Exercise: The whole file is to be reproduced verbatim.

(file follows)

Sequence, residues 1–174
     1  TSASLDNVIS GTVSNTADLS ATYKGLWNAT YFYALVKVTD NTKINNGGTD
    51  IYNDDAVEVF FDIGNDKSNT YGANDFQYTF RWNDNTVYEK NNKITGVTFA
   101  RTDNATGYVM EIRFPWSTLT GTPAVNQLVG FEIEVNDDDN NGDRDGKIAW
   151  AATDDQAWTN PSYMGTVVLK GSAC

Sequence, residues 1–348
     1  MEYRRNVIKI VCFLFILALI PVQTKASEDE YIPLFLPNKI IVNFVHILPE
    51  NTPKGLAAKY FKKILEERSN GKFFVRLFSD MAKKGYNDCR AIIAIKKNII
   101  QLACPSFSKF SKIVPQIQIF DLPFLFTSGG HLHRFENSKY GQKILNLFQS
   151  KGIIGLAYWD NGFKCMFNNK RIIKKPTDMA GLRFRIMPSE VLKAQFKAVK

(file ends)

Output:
Sequence, residues 1–174
     1  TSASLDNVIS GTVSNTADLS ATYKGLWNAT YFYALVKVTD NTKINNGGTD
    51  IYNDDAVEVF FDIGNDKSNT YGANDFQYTF RWNDNTVYEK NNKITGVTFA
   101  RTDNATGYVM EIRFPWSTLT GTPAVNQLVG FEIEVNDDDN NGDRDGKIAW
   151  AATDDQAWTN PSYMGTVVLK GSAC

Sequence, residues 1–348
     1  MEYRRNVIKI VCFLFILALI PVQTKASEDE YIPLFLPNKI IVNFVHILPE
    51  NTPKGLAAKY FKKILEERSN GKFFVRLFSD MAKKGYNDCR AIIAIKKNII
   101  QLACPSFSKF SKIVPQIQIF DLPFLFTSGG HLHRFENSKY GQKILNLFQS
   151  KGIIGLAYWD NGFKCMFNNK RIIKKPTDMA GLRFRIMPSE VLKAQFKAVK